Report on Aira (Japan) — March 1979
Scientific Event Alert Network Bulletin, vol. 4, no. 3 (March 1979)
Managing Editor: David Squires.
Aira (Japan) New dome emplacement in December
Please cite this report as:
Global Volcanism Program, 1979. Report on Aira (Japan). In: Squires, D (ed.), Scientific Event Alert Network Bulletin, 4:3. Smithsonian Institution. https://doi.org/10.5479/si.GVP.SEAN197903-282080.
31.593°N, 130.657°E; summit elev. 1117 m
All times are local (unless otherwise noted)
Sixteen explosions occurred from the summit crater of Minami-dake during February. Ash emission between explosions remained infrequent, as it has since December. Yosihiro Sawada reports that high-amplitude volcanic tremor ended in November 1978, and shallow B-type earthquakes began to be recorded. An earthquake swarm in mid-December preceded the emplacement of a new incandescent lava [mound] on the [crater] floor of Minami-dake, after which explosions became more frequent.
Geologic Background. The Aira caldera in the northern half of Kagoshima Bay contains the post-caldera Sakurajima volcano, one of Japan's most active. Eruption of the voluminous Ito pyroclastic flow accompanied formation of the 17 x 23 km caldera about 22,000 years ago. The smaller Wakamiko caldera was formed during the early Holocene in the NE corner of the Aira caldera, along with several post-caldera cones. The construction of Sakurajima began about 13,000 years ago on the southern rim of Aira caldera and built an island that was finally joined to the Osumi Peninsula during the major explosive and effusive eruption of 1914. Activity at the Kitadake summit cone ended about 4850 years ago, after which eruptions took place at Minamidake. Frequent historical eruptions, recorded since the 8th century, have deposited ash on Kagoshima, one of Kyushu's largest cities, located across Kagoshima Bay only 8 km from the summit. The largest historical eruption took place during 1471-76.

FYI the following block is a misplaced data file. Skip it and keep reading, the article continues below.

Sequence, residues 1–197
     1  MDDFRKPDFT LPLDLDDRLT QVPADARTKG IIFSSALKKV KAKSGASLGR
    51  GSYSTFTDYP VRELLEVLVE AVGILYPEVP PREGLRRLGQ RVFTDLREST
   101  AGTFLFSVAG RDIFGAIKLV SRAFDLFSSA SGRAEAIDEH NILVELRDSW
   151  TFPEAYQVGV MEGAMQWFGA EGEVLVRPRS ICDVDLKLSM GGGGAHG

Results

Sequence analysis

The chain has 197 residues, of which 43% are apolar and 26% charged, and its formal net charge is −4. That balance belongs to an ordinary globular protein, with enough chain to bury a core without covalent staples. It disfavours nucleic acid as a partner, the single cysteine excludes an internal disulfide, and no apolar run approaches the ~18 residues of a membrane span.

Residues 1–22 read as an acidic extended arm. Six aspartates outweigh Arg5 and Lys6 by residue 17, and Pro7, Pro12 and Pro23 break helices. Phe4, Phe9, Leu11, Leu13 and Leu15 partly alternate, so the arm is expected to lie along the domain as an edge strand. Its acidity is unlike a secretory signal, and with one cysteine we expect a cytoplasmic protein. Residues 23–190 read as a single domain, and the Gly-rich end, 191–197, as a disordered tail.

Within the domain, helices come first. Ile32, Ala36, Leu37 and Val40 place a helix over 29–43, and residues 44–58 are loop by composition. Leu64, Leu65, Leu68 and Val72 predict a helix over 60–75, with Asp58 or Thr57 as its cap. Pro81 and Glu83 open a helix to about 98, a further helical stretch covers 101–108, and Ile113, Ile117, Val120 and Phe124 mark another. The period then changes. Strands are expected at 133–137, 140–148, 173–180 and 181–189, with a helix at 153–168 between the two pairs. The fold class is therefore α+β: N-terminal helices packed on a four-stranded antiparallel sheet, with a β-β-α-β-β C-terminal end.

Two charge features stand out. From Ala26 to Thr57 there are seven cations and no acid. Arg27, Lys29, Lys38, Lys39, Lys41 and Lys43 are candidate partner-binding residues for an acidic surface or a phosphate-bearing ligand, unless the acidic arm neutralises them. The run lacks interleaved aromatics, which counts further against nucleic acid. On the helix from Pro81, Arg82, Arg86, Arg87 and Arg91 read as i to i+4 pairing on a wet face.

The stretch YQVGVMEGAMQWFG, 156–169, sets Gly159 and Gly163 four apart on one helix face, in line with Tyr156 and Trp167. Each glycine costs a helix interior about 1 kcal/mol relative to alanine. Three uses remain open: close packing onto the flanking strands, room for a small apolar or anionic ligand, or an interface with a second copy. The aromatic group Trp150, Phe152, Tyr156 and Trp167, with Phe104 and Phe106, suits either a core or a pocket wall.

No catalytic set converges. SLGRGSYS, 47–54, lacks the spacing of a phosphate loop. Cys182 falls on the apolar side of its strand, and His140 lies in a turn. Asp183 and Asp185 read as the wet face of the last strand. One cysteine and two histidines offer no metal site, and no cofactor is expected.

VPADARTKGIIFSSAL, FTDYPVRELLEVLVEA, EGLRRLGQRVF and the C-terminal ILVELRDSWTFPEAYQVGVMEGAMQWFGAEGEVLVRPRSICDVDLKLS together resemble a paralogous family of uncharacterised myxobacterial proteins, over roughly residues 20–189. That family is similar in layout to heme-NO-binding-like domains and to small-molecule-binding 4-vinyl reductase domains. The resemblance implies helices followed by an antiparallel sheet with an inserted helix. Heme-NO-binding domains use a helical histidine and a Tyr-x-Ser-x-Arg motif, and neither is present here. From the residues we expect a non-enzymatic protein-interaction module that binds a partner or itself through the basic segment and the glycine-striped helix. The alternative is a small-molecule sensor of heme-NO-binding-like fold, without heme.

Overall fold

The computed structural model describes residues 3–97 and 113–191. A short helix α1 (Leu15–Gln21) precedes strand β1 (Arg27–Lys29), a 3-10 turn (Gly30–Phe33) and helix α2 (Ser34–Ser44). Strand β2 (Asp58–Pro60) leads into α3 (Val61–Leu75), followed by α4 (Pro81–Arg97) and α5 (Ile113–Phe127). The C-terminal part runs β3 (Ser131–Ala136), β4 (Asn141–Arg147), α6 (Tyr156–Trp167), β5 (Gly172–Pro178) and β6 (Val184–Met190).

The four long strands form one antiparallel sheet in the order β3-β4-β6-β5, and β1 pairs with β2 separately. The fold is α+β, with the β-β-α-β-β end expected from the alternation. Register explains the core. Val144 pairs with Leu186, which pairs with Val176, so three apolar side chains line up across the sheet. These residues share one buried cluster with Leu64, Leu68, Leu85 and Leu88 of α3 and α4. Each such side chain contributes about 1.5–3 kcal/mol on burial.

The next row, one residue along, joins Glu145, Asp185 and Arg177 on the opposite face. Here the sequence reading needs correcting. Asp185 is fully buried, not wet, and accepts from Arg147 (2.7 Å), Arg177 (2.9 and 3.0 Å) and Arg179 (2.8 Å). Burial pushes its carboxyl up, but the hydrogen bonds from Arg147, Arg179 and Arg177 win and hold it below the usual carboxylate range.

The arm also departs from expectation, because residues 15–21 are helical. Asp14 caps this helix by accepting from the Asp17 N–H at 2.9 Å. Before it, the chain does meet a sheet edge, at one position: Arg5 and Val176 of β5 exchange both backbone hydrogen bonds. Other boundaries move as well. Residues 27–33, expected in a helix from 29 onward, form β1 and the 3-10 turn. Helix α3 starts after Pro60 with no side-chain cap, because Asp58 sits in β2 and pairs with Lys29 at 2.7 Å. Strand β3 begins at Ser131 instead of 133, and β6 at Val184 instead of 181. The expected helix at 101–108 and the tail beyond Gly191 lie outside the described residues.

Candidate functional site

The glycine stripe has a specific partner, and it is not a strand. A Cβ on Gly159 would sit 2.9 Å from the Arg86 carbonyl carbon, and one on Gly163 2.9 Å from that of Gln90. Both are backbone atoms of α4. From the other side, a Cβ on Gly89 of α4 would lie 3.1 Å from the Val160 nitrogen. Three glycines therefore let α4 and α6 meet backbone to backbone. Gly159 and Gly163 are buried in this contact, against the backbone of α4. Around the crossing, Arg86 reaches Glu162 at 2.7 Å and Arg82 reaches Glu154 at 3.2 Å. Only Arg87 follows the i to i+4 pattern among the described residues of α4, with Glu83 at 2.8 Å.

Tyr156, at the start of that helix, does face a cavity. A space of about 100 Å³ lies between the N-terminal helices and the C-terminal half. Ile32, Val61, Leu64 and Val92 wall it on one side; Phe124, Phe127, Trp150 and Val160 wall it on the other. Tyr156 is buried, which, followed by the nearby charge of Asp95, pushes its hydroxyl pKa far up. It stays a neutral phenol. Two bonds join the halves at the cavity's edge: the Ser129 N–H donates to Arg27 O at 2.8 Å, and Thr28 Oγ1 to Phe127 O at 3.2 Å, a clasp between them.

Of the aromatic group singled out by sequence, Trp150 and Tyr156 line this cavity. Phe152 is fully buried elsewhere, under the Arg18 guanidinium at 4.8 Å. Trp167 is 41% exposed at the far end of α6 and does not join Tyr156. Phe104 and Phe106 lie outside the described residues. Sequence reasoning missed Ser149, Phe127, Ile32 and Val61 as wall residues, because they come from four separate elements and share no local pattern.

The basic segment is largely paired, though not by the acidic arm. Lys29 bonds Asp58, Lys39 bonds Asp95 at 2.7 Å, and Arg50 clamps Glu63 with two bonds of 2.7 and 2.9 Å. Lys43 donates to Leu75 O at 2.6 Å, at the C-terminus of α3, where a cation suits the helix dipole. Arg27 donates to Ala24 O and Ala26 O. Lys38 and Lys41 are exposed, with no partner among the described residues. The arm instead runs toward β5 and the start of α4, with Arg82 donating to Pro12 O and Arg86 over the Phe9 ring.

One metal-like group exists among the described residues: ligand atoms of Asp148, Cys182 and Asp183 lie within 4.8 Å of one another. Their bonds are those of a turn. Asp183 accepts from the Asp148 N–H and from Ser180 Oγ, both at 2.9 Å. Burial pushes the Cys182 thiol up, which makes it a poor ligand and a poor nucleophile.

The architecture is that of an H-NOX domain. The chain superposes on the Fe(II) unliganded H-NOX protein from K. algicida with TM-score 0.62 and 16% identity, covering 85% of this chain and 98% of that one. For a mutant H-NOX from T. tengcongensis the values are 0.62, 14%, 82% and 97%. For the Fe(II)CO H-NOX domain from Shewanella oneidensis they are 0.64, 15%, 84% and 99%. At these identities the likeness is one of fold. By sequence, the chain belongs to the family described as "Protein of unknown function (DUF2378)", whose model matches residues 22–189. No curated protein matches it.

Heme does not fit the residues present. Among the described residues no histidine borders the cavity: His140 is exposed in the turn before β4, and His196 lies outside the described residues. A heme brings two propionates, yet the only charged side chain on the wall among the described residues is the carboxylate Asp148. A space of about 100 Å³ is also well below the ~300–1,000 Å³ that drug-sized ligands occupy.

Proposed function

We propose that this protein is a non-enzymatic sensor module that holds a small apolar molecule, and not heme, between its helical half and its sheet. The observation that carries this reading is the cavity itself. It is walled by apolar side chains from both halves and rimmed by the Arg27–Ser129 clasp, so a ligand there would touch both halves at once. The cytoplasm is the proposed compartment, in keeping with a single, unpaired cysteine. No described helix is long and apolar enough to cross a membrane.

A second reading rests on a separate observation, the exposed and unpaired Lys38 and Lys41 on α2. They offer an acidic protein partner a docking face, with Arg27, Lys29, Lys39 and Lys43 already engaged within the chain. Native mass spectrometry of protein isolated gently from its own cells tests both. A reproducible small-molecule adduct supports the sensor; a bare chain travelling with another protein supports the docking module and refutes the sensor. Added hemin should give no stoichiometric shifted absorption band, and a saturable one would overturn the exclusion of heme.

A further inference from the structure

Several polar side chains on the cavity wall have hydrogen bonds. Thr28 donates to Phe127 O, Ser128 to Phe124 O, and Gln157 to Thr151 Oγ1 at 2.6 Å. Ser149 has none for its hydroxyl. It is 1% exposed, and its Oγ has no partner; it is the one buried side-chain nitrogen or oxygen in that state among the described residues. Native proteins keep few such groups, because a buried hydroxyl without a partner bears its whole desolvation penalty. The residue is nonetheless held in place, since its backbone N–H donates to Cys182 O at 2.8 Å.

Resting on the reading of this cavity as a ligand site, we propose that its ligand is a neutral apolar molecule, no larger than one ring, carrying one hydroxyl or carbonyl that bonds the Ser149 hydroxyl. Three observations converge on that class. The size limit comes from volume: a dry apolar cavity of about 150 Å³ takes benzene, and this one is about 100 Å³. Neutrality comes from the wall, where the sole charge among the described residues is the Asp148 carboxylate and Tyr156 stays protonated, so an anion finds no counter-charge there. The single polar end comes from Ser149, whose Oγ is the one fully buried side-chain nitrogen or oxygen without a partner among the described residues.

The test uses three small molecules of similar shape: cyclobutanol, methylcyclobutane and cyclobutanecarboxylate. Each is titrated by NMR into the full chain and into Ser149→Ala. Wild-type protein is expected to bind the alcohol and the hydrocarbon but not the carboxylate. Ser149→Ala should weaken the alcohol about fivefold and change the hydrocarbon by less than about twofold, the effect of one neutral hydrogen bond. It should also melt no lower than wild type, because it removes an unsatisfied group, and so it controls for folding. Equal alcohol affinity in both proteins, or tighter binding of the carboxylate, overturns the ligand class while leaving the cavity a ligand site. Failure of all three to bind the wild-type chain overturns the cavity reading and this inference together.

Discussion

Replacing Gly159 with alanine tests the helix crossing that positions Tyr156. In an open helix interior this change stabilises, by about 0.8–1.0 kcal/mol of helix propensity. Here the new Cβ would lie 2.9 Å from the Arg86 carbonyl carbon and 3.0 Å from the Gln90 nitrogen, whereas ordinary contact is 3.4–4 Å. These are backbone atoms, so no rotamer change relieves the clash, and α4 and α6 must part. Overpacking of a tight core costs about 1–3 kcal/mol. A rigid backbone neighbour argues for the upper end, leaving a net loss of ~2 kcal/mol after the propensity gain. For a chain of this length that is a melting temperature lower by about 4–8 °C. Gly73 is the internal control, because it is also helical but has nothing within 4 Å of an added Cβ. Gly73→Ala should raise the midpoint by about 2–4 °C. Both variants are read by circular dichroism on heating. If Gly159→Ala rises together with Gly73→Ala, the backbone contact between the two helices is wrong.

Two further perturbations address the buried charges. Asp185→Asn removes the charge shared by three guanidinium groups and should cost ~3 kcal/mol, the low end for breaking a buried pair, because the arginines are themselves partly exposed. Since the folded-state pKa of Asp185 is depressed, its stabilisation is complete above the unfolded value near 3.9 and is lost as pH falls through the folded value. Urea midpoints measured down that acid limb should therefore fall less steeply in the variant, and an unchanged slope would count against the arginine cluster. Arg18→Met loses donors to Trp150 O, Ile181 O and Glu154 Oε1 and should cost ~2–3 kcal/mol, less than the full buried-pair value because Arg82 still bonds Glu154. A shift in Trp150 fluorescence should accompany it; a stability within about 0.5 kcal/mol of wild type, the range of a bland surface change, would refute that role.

Information Contacts: JMA, Tokyo; Y. Sawada, MRI, Tokyo; D. Shackelford, CA.